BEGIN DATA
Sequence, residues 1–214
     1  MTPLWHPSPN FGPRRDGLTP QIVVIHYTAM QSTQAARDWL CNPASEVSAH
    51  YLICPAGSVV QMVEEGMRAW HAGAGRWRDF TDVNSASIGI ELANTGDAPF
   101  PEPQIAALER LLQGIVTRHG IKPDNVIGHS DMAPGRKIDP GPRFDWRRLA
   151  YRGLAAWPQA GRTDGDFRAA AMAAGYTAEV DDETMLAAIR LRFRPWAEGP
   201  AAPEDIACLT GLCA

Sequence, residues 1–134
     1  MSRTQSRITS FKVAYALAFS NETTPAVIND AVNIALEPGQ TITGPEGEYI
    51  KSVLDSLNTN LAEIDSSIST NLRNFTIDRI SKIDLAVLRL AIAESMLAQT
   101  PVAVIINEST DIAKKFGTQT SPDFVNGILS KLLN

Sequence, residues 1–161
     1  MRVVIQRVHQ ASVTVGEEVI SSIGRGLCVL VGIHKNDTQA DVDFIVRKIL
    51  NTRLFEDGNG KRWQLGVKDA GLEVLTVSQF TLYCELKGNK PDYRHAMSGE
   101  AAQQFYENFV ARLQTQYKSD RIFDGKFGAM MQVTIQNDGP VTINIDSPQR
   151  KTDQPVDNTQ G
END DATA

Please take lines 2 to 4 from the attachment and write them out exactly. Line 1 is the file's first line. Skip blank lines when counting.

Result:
     1  MTPLWHPSPN FGPRRDGLTP QIVVIHYTAM QSTQAARDWL CNPASEVSAH
    51  YLICPAGSVV QMVEEGMRAW HAGAGRWRDF TDVNSASIGI ELANTGDAPF
   101  PEPQIAALER LLQGIVTRHG IKPDNVIGHS DMAPGRKIDP GPRFDWRRLA